Planter Box Bottom Materials For Better Drainage [2024 Updates]

Lush planter boxes with vibrant flowers and greenery enhancing drainage, against a red wall.

Have you noticed that your plants sometimes display wilting,  yellow leaves, or leaf drop? Have you removed the dead plant and discovered mushy lower stems and black or slimy roots? If yes, then your plants have probably died from root rot, usually caused by excess water pooling in the base of your planter. In addition, does your planter leave a ring of water stains on the patio? 

These are signs that your planter’s drainage needs improving. Suitable drainage materials at the bottom of your pots can mean the difference between thriving, healthy plants and a waterlogged mess.

Apart from aquatic plants, it is essential that your plants’ roots do not sit in pooling water. Roots exchange oxygen and carbon dioxide with air, which will be interrupted if excess water blocks air pockets in the soil. This can lead to root rot that will very likely kill your plants. However, in addition to drainage materials, it is also vital to ensure that you have drainage holes in the base of your planter, as this, too, will ensure that excess water will drain away.

This article will explore practical solutions to ensure your raised garden bed or planter box has excellent drainage.

Why Do Planters Need Bottom Materials For Drainage?

We now know that drainage in the bottom of planters enables airflow around the roots. However, it also allows the roots of your plants to uptake and absorb essential nutrients from the soil.

This approach applies to indoor plants also.

Without adequate drainage, water collecting at the bottom of the planter can become stagnant and cause fungal growth in addition to root rot.

Planter Box Bottom Materials For Better Drainage

Using materials like broken pot pieces, stones, or gravel at the bottom of a planter, gardeners can create a barrier that allows water to drain away while preventing soil loss and blockage of drainage holes. However, other methods and adequate drainage materials should also be implemented.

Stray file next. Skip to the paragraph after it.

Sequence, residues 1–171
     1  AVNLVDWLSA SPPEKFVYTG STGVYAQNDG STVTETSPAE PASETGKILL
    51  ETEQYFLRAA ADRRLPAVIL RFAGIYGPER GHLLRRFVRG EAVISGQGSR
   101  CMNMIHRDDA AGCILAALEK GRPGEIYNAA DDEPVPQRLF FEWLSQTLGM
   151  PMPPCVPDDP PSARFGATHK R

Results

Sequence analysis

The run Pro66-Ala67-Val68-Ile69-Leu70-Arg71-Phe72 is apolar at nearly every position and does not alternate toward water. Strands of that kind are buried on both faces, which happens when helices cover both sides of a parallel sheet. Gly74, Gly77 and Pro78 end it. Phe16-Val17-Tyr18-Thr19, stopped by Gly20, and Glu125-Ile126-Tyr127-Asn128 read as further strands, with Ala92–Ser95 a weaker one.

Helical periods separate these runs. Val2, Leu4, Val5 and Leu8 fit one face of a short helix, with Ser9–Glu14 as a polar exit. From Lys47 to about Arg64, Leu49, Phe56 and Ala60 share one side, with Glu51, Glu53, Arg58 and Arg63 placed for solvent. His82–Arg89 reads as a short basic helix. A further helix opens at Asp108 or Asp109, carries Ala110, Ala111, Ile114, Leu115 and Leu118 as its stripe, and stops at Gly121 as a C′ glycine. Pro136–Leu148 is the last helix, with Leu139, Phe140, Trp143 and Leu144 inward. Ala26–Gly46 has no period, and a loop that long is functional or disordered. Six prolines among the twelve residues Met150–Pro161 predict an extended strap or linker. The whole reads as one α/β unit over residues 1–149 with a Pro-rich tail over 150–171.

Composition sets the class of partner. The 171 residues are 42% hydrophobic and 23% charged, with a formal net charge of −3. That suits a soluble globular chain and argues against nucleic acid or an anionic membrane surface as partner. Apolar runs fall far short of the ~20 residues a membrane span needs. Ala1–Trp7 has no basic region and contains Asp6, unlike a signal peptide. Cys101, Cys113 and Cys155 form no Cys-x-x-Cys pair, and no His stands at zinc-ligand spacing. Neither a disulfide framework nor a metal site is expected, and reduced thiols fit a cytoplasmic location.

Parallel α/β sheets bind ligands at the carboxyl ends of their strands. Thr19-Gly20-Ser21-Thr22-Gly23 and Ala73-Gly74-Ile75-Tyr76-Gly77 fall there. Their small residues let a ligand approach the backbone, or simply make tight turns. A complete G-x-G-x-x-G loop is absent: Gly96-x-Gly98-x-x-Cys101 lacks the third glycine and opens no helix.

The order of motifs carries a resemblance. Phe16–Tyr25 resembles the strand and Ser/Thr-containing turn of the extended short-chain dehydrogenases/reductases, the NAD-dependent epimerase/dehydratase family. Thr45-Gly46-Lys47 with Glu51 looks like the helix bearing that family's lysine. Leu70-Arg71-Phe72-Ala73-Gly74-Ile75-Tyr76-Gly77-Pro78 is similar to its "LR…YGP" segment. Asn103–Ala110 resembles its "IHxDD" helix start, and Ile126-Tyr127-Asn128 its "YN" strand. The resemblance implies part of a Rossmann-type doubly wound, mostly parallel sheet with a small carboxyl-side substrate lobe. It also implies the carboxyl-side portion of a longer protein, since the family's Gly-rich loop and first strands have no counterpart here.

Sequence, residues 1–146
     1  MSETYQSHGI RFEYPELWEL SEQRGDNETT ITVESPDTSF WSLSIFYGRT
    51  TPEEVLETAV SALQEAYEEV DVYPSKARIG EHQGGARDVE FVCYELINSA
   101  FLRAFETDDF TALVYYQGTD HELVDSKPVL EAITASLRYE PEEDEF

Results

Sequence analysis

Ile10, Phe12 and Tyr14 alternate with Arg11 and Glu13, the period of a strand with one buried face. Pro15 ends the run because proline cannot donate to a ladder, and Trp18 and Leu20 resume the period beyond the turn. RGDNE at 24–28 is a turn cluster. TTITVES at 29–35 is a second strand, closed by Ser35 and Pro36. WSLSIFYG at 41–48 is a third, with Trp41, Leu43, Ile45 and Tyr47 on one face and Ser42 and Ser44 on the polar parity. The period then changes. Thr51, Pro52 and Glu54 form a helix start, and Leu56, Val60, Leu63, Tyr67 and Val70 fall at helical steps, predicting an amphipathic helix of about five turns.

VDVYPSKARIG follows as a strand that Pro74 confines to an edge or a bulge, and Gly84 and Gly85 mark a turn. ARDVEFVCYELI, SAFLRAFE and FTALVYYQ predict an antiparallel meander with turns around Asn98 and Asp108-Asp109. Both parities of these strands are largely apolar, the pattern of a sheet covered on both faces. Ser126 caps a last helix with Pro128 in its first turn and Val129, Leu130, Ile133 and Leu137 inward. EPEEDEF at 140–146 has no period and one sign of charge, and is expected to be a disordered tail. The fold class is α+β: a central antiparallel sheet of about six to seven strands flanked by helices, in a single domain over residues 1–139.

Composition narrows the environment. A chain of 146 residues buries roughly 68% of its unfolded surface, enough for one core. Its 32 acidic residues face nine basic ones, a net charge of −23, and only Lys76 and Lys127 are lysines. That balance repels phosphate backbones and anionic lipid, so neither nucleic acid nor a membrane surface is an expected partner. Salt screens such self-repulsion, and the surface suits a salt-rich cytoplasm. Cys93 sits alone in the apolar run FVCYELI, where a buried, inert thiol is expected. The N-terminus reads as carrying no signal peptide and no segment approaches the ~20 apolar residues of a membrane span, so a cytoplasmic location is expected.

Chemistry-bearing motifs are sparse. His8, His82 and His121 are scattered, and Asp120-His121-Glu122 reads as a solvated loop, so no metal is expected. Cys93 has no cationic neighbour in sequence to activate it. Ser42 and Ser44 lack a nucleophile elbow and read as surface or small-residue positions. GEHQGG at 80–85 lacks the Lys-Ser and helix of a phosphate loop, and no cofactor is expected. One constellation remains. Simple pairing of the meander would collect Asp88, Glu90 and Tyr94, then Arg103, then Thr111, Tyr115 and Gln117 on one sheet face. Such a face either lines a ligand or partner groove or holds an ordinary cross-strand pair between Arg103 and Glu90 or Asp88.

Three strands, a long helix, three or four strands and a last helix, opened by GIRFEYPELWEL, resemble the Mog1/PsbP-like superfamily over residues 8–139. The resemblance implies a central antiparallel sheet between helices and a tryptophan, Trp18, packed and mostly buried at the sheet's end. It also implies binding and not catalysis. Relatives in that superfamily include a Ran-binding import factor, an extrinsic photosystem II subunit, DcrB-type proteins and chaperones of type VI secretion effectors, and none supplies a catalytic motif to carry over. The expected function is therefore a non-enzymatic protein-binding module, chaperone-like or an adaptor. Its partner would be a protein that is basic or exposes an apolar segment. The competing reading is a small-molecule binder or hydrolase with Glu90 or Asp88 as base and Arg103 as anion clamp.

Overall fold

Firstly, ensure your planter has adequate drainage holes to allow excess water to escape. Some planters, especially wood, benefit from a slight elevation (even on small risers) to prevent water from pooling against the bottom and rotting the wood itself.

Next, choosing the best materials and knowing how to fill a wooden planter box is essential.

Here’s a rundown of the best materials for creating excellent drainage at the bottom of your planter box:

Landscape Fabric

This popular method is a permeable material that allows excess water to drain away while keeping your essential potting soil in place. Landscape fabric is durable and also widely available.

Hardware Cloth

This sturdy metal mesh does a fantastic job of promoting drainage. Its structure also helps deter unwanted animals from trying to burrow into your planter from underneath. It is best for large or heavy planters.

Soda Cans

Soda cans are ideal drainage material in large planters and perfect for cans that would have otherwise been thrown out. Also, they are cheap or free! Use whole or crushed cans and simply place them upside down to prevent soil from filling the inside. 

Check some of the cheapest ways to fill planters.

Other Options

  • Gravel or Pebbles: These are classic drainage layer materials. While efficient, they add significant weight, especially in larger planters, and may develop a perched water level.